Biography for Mike Dano
Mike Dano is the Editor in Chief for the Telecom Group of FierceMarkets, which includes FierceWireless, FierceTelecom, FierceCable and other publications. Mike oversees the Fierce editorial team and all editorial content, as well as Fierce live events, ebooks, webinars and other editorial products. Mike has covered the wireless industry as a journalist for more than a decade, and remembers writing a story about the transition from black and white to color screens on cell phones. Mike is based in Denver and can be reached at email@example.com. Follow @mikeddano on Twitter and find him on LinkedIn.
Articles by Mike Dano
Today, if you want to, you can buy AT&T's DirecTV pay-TV and internet service from Verizon (AT&T's archrival). The DirecTV offer from Verizon is scheduled to end in October, and represents the tail-end of a long-term bundling agreement Verizon inked with DirecTV prior to AT&T's $49 billion acquisition of DirecTV that closed almost exactly a year ago. Verizon's DirecTV bundle, strange as it is, represents just one of the many bundling attempts Verizon has tested over the years.
Wireless carriers across the globe, including in the United States, are moving more quickly than expected toward 5G network technology, according to the CEO of Ericsson, the world's largest wireless equipment vendor.
Verizon: 95% more customers signed up for new plans than first week of Share Everything availability
Verizon said that its new pricing plans, introduced last week, are more popular among new and existing customers than either the "Verizon Plan" it introduced in 2015 or the "Share Everything" plan Verizon introduced in 2012. Specifically, the carrier said that nearly 95 percent more customers signed up to be on the new Verizon plans during the past week than during the first week of availability of Share Everything in 2012. Verizon added that customers during the past week brought more than double the amount of lines than they did on Share Everything during that plan's first week of availability.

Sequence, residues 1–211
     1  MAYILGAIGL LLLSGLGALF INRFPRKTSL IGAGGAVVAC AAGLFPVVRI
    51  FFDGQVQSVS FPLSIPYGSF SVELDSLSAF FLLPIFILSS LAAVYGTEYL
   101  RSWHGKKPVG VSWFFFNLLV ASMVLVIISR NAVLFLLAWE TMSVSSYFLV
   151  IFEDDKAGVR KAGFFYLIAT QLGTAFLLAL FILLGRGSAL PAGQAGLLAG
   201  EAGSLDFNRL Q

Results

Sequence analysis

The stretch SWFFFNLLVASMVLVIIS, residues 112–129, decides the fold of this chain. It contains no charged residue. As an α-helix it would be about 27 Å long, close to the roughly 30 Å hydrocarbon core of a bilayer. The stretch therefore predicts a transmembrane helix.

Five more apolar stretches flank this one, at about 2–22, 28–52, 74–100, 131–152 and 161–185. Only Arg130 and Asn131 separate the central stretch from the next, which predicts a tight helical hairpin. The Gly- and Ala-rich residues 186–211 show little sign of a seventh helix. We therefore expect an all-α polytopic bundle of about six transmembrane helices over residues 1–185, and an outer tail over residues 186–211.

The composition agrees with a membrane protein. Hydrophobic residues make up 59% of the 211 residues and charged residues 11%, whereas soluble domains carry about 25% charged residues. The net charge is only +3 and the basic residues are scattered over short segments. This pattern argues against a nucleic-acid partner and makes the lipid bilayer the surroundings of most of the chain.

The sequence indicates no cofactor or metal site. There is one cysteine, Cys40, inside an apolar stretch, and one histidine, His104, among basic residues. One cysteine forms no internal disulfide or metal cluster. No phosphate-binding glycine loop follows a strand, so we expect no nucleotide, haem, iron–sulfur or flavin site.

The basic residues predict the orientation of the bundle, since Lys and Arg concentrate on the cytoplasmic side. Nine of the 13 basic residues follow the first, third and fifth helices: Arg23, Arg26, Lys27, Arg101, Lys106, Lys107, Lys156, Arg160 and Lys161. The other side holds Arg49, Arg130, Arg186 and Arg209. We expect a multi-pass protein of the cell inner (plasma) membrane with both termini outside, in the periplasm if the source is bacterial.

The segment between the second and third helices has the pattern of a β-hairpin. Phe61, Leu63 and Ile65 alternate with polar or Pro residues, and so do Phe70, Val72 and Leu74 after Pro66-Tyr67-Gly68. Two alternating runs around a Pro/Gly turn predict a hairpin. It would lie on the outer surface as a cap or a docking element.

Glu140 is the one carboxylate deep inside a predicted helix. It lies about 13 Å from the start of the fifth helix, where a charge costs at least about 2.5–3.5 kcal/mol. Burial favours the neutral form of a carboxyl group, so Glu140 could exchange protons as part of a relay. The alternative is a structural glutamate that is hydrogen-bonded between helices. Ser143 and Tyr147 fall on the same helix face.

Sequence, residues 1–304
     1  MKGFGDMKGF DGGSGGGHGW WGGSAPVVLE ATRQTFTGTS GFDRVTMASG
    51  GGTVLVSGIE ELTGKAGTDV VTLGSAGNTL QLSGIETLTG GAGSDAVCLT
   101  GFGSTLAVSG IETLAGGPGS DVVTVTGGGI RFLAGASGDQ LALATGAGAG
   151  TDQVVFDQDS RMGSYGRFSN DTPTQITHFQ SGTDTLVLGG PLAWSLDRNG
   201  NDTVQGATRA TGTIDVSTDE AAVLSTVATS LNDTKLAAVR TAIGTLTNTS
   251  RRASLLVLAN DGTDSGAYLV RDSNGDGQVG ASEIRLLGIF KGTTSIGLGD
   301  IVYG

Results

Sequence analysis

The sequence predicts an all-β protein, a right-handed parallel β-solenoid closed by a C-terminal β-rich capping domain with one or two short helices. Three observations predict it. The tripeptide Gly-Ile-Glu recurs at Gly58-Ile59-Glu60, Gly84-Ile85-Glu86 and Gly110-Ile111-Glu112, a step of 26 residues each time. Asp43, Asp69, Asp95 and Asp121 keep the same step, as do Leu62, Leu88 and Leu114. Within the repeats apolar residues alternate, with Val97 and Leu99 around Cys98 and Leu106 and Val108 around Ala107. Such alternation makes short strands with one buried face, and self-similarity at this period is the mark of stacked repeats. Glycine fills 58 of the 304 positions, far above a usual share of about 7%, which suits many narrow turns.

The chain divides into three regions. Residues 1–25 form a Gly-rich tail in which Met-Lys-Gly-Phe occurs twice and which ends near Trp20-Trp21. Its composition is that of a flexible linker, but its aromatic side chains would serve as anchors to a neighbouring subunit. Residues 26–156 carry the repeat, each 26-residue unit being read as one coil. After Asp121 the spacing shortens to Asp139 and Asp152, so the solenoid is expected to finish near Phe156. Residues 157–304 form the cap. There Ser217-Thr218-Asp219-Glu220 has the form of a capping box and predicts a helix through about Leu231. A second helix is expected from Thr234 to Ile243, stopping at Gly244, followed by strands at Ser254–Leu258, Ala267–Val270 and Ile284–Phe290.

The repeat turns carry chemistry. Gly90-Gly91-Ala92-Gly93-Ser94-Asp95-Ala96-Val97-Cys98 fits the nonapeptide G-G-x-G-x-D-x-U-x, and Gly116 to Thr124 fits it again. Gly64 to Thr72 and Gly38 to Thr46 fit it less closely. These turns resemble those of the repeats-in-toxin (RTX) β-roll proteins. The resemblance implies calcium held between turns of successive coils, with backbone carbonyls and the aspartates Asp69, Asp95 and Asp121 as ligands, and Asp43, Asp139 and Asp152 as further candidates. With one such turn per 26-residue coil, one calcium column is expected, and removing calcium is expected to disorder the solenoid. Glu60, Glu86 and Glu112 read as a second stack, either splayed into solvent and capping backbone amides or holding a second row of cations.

Verizon confirmed to FierceWireless that it is currently planning to shut down its CDMA 1X network by Dec. 31, 2019. However, the carrier said it would work with its current CDMA 1X customers and would consider operating its CDMA 1X network into 2020 if those customers need more time to move onto Verizon's LTE network.
Verizon today largely confirmed reports that surfaced last week, announcing new pricing plans that essentially raise its monthly service fees by $5 to $10 per month while at the same time providing more data per month. The carrier also introduced its "Carryover Data" service that allows customers to keep last month's unused data, and "Safety Mode" that allows customers who travel over their monthly data allotment to stay connected, albeit at 128 Kbps speeds.
Announced earlier this year, Facebook's Telecom Infra Project (TIP) was launched as a way for players to "develop new technologies and rethink approaches to deploying network architecture." And Facebook's Jay Parikh said that the group has made some significant progress during the past few months.
Verizon promises 'fireworks' next week amid rumors of carryover data, 'safety mode' unlimited service
A Verizon spokeswoman said the carrier expects to make a major announcement next week – and based on some internet rumors that announcement may well be the introduction of "carryover" data alongside a "safety mode" that would provide users with slow-speed unlimited data service.
The U.S. mobile internet access market will grow from $85 billion this year to $122 billion in 2020, according to PwC's new "Global Entertainment and Media Outlook 2016-2020" report.
The Merchant Customer Exchange (MCX) said it is ending its test of its CurrentC mobile payments product, and it's unclear what MCX's next steps will be. "We will be concluding our Beta on June 28, 2016. Please stay tuned for new information on CurrentC as our future plans evolve."
Sprint's efforts to deploy up to 70,000 small cells in cities across the country -- largely through vendor Mobilitie -- have stalled somewhat due to troubles obtaining permits for the transmitters. Separately, some Wall Street analysts are raising concerns about the hundreds of millions of dollars the carrier is writing off due in part to customers who sign up for Sprint's handset-leasing offer and then walk away with the devices without paying for them.